Prince Sungwon first catches sight of official’s daughter Hwa-yeon (Cho Yeo-jeong) after a hunting party and develops a dangerous attraction to her. His possessive parent, the Queen Mother (Park Ji-young), finds this worrying and manoeuvres to take Hwa-yeon out of the picture by having her brought to court as a concubine of the king. Hwa-yeon, however, has a love of her own in the roguish hanger-on Kwon-yoo (Kim Min-jun) and is willing to risk her life by defying the imperial orders and running away with him. The pair consummate their union but are discovered at first light whereupon Hwa-yeon agrees to go to court on the condition Kwon-yoo’s life is spared.

Some years later, Hwa-yeon is the reigning queen as the mother of the sickly king’s only son but her life becomes considerably more complicated when the king dies in mysterious circumstances. Power passes back to the Queen Mother who puts her son, Sungwon, on the throne, making Hwa-yeon and the young prince direct threats to her power base. Sungwon is still in love with Hwa-yeon but his mother forbids him from pursuing her. Forbidding is something his mother does quite a lot of, and it’s not long before Sungwon becomes frustrated with his lack of real power. Matters come to a head when Kwon-yoo also resurfaces as a eunuch at the imperial court.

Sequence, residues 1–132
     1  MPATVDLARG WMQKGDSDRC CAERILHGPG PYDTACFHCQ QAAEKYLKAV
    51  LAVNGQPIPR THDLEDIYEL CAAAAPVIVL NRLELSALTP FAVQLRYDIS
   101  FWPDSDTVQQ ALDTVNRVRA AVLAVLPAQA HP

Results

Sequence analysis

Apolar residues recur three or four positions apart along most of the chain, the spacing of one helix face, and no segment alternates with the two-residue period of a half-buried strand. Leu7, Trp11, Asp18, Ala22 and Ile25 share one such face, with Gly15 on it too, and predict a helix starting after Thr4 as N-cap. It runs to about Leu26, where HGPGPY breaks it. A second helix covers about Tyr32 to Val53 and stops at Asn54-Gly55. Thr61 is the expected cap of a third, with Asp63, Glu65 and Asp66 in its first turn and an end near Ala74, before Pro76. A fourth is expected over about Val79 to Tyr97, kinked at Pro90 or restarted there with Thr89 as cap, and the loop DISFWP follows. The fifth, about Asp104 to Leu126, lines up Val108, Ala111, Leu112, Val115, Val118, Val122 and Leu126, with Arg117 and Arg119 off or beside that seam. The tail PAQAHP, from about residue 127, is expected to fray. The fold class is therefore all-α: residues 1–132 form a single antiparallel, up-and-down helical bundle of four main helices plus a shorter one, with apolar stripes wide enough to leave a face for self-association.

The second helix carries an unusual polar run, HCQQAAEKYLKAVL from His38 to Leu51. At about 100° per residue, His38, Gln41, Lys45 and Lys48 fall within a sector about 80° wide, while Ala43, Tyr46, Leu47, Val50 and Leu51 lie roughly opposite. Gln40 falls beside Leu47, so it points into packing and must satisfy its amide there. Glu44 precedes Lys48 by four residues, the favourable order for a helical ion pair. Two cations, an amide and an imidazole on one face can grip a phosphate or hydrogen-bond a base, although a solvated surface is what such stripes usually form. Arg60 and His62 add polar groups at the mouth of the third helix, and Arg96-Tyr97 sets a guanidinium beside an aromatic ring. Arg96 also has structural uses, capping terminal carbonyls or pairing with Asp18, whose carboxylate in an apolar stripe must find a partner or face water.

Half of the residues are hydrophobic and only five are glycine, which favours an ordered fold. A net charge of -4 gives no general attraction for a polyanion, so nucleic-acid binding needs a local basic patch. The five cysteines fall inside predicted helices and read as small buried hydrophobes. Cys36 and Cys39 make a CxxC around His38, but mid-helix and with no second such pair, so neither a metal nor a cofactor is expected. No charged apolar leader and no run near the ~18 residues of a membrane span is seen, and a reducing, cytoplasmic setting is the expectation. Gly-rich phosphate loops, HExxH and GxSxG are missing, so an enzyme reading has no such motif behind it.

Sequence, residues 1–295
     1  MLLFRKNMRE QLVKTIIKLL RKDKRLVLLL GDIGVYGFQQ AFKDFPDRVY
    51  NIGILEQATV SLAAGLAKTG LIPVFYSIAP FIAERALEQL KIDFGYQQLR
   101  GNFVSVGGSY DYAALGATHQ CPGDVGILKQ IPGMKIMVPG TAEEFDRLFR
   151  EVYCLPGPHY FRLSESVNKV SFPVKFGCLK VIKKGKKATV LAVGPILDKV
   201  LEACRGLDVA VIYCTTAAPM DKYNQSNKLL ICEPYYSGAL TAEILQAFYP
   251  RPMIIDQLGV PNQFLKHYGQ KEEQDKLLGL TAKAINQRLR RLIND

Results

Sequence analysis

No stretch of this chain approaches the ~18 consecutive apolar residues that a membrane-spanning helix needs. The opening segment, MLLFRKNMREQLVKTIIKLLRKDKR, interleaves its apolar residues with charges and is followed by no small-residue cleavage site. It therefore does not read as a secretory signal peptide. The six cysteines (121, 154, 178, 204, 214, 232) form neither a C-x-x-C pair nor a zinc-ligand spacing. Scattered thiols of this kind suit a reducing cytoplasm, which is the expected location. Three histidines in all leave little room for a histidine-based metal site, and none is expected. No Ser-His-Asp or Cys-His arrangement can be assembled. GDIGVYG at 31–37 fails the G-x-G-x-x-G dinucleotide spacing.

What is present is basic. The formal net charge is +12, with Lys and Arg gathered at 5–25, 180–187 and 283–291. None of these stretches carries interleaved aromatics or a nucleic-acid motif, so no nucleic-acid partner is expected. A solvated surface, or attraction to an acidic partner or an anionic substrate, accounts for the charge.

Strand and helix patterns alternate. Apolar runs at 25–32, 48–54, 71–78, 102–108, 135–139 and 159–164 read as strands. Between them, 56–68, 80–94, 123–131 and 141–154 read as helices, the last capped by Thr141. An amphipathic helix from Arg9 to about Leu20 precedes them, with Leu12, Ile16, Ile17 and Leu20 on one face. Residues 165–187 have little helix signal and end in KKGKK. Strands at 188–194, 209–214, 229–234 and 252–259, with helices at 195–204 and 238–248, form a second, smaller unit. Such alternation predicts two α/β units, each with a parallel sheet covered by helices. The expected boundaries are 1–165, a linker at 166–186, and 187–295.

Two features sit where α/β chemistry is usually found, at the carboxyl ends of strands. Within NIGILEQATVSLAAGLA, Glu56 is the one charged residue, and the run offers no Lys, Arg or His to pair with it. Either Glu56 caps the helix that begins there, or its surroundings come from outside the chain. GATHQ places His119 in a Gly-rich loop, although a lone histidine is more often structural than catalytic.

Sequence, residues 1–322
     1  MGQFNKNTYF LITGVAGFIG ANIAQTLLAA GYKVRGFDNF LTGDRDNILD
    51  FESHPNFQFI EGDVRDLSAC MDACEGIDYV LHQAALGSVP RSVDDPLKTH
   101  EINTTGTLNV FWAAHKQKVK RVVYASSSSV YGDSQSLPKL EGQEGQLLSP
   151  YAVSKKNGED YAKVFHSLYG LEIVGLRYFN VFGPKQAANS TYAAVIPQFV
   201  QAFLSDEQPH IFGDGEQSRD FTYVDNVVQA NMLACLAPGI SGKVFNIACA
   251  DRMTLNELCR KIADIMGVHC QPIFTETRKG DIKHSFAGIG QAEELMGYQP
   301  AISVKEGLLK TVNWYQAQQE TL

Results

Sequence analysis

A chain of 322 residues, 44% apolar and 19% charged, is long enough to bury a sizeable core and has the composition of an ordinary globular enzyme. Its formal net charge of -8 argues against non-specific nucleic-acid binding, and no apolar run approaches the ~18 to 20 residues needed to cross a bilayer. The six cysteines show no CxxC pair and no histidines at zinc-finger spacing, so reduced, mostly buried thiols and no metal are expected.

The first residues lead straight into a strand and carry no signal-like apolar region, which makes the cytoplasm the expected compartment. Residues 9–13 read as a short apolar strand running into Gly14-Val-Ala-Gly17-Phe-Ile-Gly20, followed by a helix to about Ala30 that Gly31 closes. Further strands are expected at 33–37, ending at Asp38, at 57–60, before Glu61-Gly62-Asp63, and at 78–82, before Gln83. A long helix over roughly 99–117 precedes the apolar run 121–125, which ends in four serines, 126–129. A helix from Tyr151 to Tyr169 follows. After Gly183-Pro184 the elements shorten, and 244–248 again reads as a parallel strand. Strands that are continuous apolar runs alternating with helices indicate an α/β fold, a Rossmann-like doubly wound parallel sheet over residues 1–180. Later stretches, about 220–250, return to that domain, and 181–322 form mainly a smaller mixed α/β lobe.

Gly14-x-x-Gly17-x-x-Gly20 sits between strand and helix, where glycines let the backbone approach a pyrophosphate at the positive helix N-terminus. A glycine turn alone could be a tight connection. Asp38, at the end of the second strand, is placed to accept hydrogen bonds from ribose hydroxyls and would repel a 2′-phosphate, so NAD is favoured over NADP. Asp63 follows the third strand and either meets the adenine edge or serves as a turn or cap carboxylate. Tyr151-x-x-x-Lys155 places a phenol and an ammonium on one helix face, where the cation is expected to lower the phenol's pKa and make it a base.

The imperial court is a golden prison and a world in itself. Once entered, it cannot be escaped. Everyone is vying for power but no one really has any. The king’s ill health and lack of a direct heir has left him dangerously vulnerable and the Queen Mother in a position of unusual strength. If one thing is clear, it’s that she has had to play a long game to get here, done terrible things in the name of power or self preservation, and will stop at nothing to make sure she remains on top.